Luminescent lizards

January 15, 2018, Ludwig Maximilian University of Munich
Luminescent lizards
Fluorescent pattern of the chameleon Calumma globifer from Madagascar. The animation shows the inconspicuous tubercles in sunlight, the fluorescent pattern under UV light, and the underlying bone tubercles, which are based on a micro-CT model of the skull. Credit: David Prötzel (ZSM/LMU

Chameleons are known to communicate with conspecifics by altering their surface coloration. Munich researchers have now found that the bony tubercles on the heads of many species fluoresce under UV light and form impressive patterns.

Biogenic fluorescence is mainly known from marine organisms, but is rare in . "So we could hardly believe our eyes when we illuminated the chameleons in our collection with a UV lamp, and almost all showed blue, previously invisible patterns on the head, some even over the whole body," says David Prötzel, lead author of the new study and Ph.D. student at the Bavarian State Collection of Zoology (ZSM). To understand the phenomenon, the researchers used a variety of modern methods. Micro-CT scans showed that the pattern of fluorescence exactly matched the distribution of tubercles pattern on the skull. The tissue analyses yielded another surprise: "Our histological 3-D reconstruction shows that the skin covering the tubercles on the skull is very thin and consists only of a transparent layer of epidermis,"explains Dr. Martin Heß from the BioCenter of the Ludwig-Maximilians-Universität München. These patches effectively act as windows that enable UV light to reach the bone, where it is absorbed and then emitted again as blue fluorescent light.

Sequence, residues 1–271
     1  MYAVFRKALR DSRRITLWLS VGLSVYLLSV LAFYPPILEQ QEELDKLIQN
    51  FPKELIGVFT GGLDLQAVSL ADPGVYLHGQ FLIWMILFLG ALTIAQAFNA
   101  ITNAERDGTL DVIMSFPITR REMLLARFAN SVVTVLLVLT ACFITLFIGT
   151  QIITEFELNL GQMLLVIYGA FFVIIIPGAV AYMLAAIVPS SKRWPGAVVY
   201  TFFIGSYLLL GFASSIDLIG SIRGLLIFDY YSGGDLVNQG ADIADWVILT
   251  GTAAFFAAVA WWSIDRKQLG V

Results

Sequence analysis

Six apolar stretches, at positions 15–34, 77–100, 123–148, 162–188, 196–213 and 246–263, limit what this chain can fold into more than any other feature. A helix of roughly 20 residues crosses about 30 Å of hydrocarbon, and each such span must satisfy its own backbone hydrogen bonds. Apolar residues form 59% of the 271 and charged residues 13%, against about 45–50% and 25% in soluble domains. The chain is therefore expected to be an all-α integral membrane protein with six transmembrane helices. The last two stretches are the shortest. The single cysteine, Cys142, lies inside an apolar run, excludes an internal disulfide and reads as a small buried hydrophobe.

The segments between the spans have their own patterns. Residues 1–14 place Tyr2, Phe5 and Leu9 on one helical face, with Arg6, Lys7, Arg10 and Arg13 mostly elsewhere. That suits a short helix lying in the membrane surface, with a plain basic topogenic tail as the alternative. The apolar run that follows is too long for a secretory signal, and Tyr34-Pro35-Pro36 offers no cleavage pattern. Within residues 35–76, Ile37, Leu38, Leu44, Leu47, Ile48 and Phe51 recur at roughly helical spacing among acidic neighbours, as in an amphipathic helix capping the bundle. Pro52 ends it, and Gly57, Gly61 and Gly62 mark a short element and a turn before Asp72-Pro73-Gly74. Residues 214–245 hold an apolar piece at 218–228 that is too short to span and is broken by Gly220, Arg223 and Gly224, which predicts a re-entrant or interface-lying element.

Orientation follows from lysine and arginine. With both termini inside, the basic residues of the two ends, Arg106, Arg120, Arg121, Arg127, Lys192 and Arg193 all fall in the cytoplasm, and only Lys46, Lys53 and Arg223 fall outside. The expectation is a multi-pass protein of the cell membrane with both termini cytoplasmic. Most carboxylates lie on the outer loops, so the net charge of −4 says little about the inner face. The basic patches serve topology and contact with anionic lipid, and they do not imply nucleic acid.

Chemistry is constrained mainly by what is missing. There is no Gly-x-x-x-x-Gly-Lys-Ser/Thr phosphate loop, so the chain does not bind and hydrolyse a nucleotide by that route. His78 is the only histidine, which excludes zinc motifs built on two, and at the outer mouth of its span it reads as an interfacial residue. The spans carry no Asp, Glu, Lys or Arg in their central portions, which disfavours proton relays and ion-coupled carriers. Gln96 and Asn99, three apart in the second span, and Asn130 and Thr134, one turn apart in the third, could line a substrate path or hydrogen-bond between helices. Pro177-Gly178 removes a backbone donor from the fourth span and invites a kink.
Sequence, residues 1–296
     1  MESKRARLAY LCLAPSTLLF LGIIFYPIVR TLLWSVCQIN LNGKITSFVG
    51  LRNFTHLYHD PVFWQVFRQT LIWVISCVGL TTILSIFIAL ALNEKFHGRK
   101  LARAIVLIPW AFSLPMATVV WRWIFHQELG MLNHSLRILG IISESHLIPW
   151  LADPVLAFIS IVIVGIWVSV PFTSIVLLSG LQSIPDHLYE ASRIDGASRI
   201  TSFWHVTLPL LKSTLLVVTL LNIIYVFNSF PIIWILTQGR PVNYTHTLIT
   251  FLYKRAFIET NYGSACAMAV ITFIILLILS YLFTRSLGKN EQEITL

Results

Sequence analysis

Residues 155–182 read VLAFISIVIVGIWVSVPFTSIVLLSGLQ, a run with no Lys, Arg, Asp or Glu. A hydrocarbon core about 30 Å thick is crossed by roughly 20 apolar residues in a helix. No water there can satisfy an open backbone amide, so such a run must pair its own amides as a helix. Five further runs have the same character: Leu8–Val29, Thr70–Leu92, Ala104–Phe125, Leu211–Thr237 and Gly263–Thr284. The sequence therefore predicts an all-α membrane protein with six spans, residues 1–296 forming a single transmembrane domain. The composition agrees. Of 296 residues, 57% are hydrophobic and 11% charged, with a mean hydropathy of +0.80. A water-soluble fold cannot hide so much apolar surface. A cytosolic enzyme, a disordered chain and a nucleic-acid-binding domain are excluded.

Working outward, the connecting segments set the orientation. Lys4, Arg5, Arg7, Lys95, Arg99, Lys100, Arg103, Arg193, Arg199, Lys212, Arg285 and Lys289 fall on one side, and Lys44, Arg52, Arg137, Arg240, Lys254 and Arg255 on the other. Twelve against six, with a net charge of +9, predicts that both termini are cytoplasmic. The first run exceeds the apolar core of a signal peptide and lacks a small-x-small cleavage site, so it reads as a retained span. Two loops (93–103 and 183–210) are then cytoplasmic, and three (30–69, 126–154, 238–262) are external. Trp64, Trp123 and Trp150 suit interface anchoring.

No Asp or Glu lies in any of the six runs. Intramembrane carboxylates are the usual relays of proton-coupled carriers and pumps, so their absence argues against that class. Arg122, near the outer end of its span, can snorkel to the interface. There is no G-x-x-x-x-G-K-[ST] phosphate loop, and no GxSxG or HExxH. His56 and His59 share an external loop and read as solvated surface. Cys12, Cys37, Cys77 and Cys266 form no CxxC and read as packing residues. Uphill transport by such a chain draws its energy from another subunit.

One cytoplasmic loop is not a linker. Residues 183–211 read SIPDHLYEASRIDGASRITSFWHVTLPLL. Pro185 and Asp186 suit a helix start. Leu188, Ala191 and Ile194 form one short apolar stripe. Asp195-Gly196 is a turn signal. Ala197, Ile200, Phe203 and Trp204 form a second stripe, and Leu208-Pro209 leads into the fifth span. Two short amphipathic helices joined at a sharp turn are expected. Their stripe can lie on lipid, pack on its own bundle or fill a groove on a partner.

"It has long been known that bones fluoresce under UV light, but that animals use this phenomenon to fluoresce themselves has surprised us and was previously unknown," says Dr. Frank Glaw, Curator of Herpetology at the Bavarian State Collection of Zoology.

The tubercles fluoresce under UV to form distinct patterns that represent certain species or species groups. In addition, the males in most species of the genus Calumma have significantly more fluorescent tubercles than the females. Therefore, the researchers suspect that this fluorescence is not a mere coincidence, but helps the chameleons to recognize conspecifics, and presents a consistent in addition to their skin-based colour language—especially as blue is a rare colour and easily recognisable in the forest.

Explore further: Single no more: First females of a Madagascan chameleon described with modern technologies

More information: David Prötzel et al. Widespread bone-based fluorescence in chameleons, Scientific Reports (2018). DOI: 10.1038/s41598-017-19070-7

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